It’s Thanksgiving, a uniquely American holiday. For all the reasons to hate Thanksgiving, I still love it. I know that our nation’s genocide of Native Americans is nothing to celebrate.
But Thanksgiving with all its baggage is a time to gather with family and friends. It’s a time to be thankful for the things that we have, even as we actively covet Christmas gifts that we don’t need.
This Thanksgiving I’m thankful that Boston-Thurmond residents are resisting Wake Forest’s new proposal to redevelop a portion of the Boston-Thurmond neighborhood.
Wesley Young, the Journal’s city government reporter has written a series of solid articles on the Boston-Thurmond Innovation Network’s plan to transform the Boston-Thurmond neighborhood and the neighborhood’s outright rejection of Wake Forest’s newest development project.
The Boston-Thurmond Innovation Network is proposing to buy the Plaza Apartments from the City, purchase adjacent land from Crossmore children’s home, then bulldoze the Plaza Apartments, and build a new ambitious development on the combined property.
The Boston Thurmond Innovation Network, as the name suggests is being championed by largely the same network of academic, non-profit and real estate leaders that are responsible for the Wake Forest Innovation Quarter (Dr. Nathan Hatch, WFU, Don Flow, Flow Auto-and others).
They are a who’s who of Winston’s business class. They have Mayor Joines’ ear and the project has already received the blessing of the City Council. The City Council’s Community Development/Housing/General Government Committee recently entered into a letter of intent agreement with the Boston-Thurmond Innovation Network to sell the Plaza Apartments to the BTIN. The matter still needs to go before the full city council.
The Boston-Thurmond Innovation Network is stressing progress and a national transformative neighborhood model known as the Purpose Driven Communities model. On the Purpose Driven Communities’ website a video of former Atlanta and current Purpose Driven Communities CEO, Shirley Franklin is featured.
During her two terms in office (2002-2010), Mayor Franklin used HUD’s HOPE VI program to justify completely eliminating public housing in Atlanta. Now, as CEO of Purpose Driven Communities, she’s exporting the Atlanta model to the Winston-Salem and the rest of the country.
Residents of the Plaza Apartments are right to oppose the new development. WFU’s purpose is to drive many of them from their homes on the corner of Northwest Blvd. and Thurmond Street.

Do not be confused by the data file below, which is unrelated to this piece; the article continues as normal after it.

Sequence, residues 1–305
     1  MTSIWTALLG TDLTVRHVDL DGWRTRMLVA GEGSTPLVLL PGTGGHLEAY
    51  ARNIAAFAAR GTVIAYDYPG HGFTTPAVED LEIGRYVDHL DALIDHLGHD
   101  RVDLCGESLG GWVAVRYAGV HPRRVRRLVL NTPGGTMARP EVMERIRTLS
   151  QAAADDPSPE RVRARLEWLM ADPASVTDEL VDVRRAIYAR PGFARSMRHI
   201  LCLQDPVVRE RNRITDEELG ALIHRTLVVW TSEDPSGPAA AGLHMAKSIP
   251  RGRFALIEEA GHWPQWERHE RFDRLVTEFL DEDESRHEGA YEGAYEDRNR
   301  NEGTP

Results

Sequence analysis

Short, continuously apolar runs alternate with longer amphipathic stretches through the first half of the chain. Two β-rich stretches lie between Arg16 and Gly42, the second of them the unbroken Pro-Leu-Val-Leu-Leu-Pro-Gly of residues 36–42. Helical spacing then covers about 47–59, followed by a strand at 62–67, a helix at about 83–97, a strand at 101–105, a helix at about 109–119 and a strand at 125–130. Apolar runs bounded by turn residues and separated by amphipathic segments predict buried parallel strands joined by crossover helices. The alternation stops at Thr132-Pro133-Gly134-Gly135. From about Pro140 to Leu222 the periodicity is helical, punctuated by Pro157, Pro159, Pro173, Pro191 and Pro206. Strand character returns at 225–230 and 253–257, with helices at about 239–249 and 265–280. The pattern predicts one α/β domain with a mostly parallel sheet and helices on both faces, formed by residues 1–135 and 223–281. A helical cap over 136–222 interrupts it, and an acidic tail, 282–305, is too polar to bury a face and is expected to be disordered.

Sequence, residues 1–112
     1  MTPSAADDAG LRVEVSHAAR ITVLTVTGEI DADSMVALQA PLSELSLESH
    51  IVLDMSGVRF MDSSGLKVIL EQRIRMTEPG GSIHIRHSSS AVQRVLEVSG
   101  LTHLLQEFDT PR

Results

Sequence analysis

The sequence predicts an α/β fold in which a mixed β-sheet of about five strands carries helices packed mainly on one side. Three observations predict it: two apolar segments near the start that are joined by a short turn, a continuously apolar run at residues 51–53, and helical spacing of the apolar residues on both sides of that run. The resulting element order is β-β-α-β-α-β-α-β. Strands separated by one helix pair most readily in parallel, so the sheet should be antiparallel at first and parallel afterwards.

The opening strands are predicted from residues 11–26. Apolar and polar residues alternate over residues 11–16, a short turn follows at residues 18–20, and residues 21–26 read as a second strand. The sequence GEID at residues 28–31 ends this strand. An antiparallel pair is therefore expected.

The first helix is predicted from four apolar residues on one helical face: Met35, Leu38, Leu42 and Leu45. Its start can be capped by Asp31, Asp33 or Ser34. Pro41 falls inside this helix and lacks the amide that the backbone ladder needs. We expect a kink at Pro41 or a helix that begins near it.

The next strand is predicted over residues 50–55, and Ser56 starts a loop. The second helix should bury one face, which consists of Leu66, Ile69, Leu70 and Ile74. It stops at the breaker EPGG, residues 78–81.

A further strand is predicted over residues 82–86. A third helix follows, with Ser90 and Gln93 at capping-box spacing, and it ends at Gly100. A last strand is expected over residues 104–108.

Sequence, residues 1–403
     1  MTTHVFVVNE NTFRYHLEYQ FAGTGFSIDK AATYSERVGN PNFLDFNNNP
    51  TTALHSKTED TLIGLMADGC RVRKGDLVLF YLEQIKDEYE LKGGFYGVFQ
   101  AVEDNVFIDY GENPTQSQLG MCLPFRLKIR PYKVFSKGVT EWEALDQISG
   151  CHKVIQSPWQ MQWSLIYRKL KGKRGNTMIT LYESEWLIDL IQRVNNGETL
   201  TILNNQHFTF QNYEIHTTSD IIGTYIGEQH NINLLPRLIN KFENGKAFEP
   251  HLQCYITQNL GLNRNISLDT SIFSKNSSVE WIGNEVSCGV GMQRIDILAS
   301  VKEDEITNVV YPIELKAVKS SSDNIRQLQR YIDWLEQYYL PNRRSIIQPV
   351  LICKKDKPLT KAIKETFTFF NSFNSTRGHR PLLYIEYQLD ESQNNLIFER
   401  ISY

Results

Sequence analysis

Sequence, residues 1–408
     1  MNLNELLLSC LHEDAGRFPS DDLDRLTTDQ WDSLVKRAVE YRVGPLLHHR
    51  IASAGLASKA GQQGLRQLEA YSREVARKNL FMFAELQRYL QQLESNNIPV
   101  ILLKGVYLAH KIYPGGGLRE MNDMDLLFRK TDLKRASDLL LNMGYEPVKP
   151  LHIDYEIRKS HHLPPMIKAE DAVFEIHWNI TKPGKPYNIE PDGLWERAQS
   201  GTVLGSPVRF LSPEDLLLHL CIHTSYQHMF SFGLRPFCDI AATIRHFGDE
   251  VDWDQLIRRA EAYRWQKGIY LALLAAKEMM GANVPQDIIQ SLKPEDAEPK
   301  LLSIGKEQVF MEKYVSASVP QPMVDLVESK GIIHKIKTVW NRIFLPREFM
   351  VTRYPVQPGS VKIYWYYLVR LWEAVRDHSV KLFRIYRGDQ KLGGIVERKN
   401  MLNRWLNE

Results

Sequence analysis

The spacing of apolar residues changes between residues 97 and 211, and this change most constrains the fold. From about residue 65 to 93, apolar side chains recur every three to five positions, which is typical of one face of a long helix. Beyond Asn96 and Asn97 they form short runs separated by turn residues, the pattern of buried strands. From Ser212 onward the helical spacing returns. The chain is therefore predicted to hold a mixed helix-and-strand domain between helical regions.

This is not a “residence driven development.” Winston’s business and non-profit elite are pulling all the strings.
For all the high-minded intentions that the Boston-Thurmond Innovation Network have stated publicly, they haven’t made any guarantees to the current residents of the Plaza Apartments. Absent guarantees in writing, what good are words?
Besides, Wake Forest has ignored low-income communities bordering its campus for decades. Now they care about Boston Thurmond? Why should local residents trust them.
The Purpose Driven Communities model, like HOPE VI before it, largely ignores systemic racism and capitalism’s subjugation of the poor. PDC puts too much emphasis on the problems associated with concentrations of poverty.
They stress providing education and other services to poor residents, in the hope that they will adopt a middle-class mindset and somehow will their way out of poverty. In reality, they are providing window-dressing for developers seeking profits.
The poor aren’t the problem. Often communities of color like Boston-Thurmond have many residents with deep roots to their communities. Folks with churches and social networks that provide help to each other in times of need. When they are pushed out of their neighborhoods due to gentrification, these networks of mutual aid get disrupted, leaving displaced residents no one to turn to.
Wake Forest’s Boston-Thurmond project has some space for poor neighbors. But it would primarily be a mixed-income development.
We’ve seen in the past that “mixed-income” projects mean that most of the residents of the Plaza Apartments will get displaced from their neighborhood, most likely pushed to the other side of Highway 52.
That’s what happened to Kimberly Park in the late 1990s and Happy Hill in the early 2000s. HOPE VI was used to push low-income Black people from their neighborhoods. Many longtime residents were displaced and forgotten about. The Black character of Happy Hill, Winston’s oldest African-American neighborhood, tragically has largely been removed.
That’s the future of Boston-Thurmond if we don’t stand up to Mayor Joines and the city council and loudly demand that the Boston-Thurmond Innovation Network’s plans must not be approved without concrete guarantees for the neighborhood’s current residents.
Every current resident of the Plaza Apartments must be reserved a home in the new development, at the same level of rent. There needs to be concrete provisions to preserve truly affordable housing in Wake’s new Boston-Thurmond project. Not token “affordable” housing that is beyond the budget of most poor and low-income people.
Demanding that truly affordable housing in Boston Thurmond be preserved for decades to come might seem audacious to many. But in fighting for Boston-Thurmond, we must remember all the once flourishing Black neighborhoods that the city has bulldozed over the years: Happy Hill, Columbian Heights, Depot Street, Belews Street and many others.
With the force of history behind us, we must demand that not one more Black neighborhood will ever be sacrificed and gentrified in Winston-Salem!